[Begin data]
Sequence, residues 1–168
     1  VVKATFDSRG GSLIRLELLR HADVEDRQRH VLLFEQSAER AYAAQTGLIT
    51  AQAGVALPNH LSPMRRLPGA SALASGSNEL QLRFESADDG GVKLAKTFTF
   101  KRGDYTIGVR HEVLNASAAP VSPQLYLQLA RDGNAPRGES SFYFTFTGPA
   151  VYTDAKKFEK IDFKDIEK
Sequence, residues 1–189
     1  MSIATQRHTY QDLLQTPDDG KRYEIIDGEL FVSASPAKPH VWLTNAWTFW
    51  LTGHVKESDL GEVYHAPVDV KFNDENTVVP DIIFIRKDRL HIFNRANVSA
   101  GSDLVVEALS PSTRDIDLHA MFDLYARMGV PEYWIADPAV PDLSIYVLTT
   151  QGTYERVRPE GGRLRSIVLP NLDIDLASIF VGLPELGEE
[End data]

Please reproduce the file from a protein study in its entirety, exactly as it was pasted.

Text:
Sequence, residues 1–168
     1  VVKATFDSRG GSLIRLELLR HADVEDRQRH VLLFEQSAER AYAAQTGLIT
    51  AQAGVALPNH LSPMRRLPGA SALASGSNEL QLRFESADDG GVKLAKTFTF
   101  KRGDYTIGVR HEVLNASAAP VSPQLYLQLA RDGNAPRGES SFYFTFTGPA
   151  VYTDAKKFEK IDFKDIEK
Sequence, residues 1–189
     1  MSIATQRHTY QDLLQTPDDG KRYEIIDGEL FVSASPAKPH VWLTNAWTFW
    51  LTGHVKESDL GEVYHAPVDV KFNDENTVVP DIIFIRKDRL HIFNRANVSA
   101  GSDLVVEALS PSTRDIDLHA MFDLYARMGV PEYWIADPAV PDLSIYVLTT
   151  QGTYERVRPE GGRLRSIVLP NLDIDLASIF VGLPELGEE